The World’s Largest Meeting About Water
The World Water Forum is indeed large. More than 800 speakers large. Over 400 hours of discussions and debates large. More than 180 countries represented in one location to address the world’s global water challenges large. Which is why the Conservancy’s Great Rivers Partnership had to take part in the action.
Represented in numerous panel discussions, a reception presentation and a dynamic Conservancy exhibit space throughout the week of March 12-17, the GRP held the first meeting of its International Steering Committee. In addition, it moved forward other GRP Phase II activities focused on collaboration with partner organizations in a global network to advance integrated river basin management, and advancement of the nomination of new rivers where the GRP will expand efforts.
Karin Krchnak, the GRP’s director of global partnerships, represents the Conservancy on the World Water Council Board of Governors—the multi-stakeholder group responsible for producing this flagship event.
“The overall theme of this 6th World Water Forum was ‘A time for commitment and solutions.’ It’s been an honor helping shape the agenda for the event and connecting the GRP with multilateral institutions, governments, companies and other NGOs that can help us find solutions to freshwater issues and truly realize integrated river basin management together,” said Krchnak.
Stay tuned for an announcement of GRP International Steering Committee members and related news.
Reflecting on Water and Food Security
The World is Thirsty Because We are Hungry. That tagline framed up World Water Day on March 22 and highlighted the global demand to feed 7 billion people and another 2 billion expected by 2050.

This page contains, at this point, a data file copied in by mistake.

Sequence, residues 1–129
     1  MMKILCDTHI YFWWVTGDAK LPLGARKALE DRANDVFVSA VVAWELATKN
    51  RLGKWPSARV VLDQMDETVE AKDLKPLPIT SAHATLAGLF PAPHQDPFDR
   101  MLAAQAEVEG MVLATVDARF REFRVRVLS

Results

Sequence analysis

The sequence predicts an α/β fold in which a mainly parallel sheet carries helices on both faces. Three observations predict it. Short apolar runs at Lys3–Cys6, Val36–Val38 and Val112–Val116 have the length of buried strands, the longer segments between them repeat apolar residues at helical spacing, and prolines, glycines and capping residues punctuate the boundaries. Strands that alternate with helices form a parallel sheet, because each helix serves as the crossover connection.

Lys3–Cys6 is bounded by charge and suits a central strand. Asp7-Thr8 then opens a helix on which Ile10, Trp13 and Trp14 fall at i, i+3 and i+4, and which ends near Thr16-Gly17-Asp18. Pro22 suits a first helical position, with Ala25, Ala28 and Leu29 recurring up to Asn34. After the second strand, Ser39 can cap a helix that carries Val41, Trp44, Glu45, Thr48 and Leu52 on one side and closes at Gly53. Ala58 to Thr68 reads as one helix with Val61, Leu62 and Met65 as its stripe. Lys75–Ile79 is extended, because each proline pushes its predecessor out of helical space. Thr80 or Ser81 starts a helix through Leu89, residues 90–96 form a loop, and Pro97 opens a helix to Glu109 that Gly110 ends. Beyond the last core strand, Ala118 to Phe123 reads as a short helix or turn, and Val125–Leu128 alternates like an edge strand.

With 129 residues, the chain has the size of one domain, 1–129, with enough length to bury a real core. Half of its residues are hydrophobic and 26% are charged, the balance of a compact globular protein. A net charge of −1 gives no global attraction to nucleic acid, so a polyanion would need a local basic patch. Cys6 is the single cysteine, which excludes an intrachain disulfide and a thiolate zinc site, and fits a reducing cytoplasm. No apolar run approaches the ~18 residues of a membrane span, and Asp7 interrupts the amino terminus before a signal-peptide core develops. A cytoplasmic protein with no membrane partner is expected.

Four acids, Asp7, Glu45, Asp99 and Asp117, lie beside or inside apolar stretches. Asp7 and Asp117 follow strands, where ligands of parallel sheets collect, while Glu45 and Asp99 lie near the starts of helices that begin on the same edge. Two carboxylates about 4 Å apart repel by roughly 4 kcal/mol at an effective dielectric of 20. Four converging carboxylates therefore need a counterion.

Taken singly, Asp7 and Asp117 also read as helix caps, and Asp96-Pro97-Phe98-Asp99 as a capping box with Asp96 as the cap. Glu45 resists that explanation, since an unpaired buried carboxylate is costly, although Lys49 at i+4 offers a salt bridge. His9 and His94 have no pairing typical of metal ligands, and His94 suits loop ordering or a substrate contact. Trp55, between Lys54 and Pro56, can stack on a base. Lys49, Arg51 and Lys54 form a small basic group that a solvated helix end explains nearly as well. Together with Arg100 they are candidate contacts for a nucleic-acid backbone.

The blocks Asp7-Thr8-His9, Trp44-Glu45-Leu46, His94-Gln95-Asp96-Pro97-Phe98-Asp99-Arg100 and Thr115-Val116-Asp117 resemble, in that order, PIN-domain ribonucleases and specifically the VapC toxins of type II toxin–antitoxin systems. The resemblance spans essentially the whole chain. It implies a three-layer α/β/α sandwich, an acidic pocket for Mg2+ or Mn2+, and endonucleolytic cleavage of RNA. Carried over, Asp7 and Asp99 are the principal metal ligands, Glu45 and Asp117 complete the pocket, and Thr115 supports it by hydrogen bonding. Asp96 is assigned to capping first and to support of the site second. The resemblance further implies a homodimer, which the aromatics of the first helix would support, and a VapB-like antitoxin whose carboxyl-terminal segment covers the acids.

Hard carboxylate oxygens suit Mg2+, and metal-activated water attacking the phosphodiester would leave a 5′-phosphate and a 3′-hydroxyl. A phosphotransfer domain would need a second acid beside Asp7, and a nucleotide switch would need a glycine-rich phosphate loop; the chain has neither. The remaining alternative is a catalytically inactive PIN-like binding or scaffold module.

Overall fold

But what does that really mean? How much water is needed to feed the world’s growing population, and what can we do about it? The Food and Agriculture Organization of the United Nations helped break things down on the Water Day web site with a series of videos and fact sheets estimating the amount of water needed to produce specific commodities. The site also offers suggested actions for ensuring access to nutritious foods for all.
Designated by the United Nations, the annual celebration highlights an issue impacting freshwater each year and ultimately advocates for the sustainable management of freshwater resources.
The Conservancy’s Great Rivers Partnership recently produced it’s own video about balancing agricultural demands and safeguarding freshwater.
A Boost for Rare and Endangered Species
You might say that rare and endangered species, like the piping plover, recently became prime beneficiaries of a gift received by The Nature Conservancy in Kentucky. Though, of course, people benefited as well.
The state chapter recently celebrated a major contribution from Crounse Corporation in support of the Big Rivers Corridor Project, which focuses conservation efforts within an area where six rivers – the Mississippi, Ohio, Tennessee, Green, Tradewater and Cumberland – meet. Crounse’s generous support made it possible for the Conservancy to reach its goal of raising $2 million by the end of 2011 and led to the successful completion of Phase I (comprised of 2,571 acres) of this two-phase project. Phase II is currently underway and will protect an additional 4,285 contiguous acres.
“Through partnering with TNC, our goal is to educate others who live and work along the inland waterways system so we can leave our river system in as good a condition as possible for future generations,” said Steve Little, president of Crounse Corporation.
The Big Rivers Corridor is a bottomland hardwood forested landscape that supports several plant and animal species listed as rare or endangered, including the northern copperbelly water snake, Indiana bat, fat pocketbook mussel, piping plover and least tern.
March 19, 2012